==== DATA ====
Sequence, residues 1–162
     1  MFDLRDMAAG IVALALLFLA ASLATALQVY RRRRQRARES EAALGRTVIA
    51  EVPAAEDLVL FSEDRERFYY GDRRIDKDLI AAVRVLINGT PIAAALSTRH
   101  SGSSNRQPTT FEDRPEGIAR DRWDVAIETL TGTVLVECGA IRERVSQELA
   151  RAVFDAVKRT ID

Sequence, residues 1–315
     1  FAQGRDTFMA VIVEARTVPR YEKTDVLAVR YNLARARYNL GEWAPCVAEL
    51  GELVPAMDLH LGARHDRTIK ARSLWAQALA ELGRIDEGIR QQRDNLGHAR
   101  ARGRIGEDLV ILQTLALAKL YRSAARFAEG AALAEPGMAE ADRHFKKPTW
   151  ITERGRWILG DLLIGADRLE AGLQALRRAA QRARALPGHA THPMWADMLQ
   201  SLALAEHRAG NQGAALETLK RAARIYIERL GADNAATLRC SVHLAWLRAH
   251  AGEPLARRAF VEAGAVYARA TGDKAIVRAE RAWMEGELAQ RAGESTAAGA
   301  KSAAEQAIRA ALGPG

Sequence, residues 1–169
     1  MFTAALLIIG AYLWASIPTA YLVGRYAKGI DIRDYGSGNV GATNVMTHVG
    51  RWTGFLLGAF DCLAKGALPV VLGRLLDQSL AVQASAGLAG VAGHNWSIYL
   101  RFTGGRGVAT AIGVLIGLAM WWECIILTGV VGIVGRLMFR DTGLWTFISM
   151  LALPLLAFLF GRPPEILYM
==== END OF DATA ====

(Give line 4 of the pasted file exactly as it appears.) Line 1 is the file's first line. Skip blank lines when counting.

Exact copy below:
   101  SGSSNRQPTT FEDRPEGIAR DRWDVAIETL TGTVLVECGA IRERVSQELA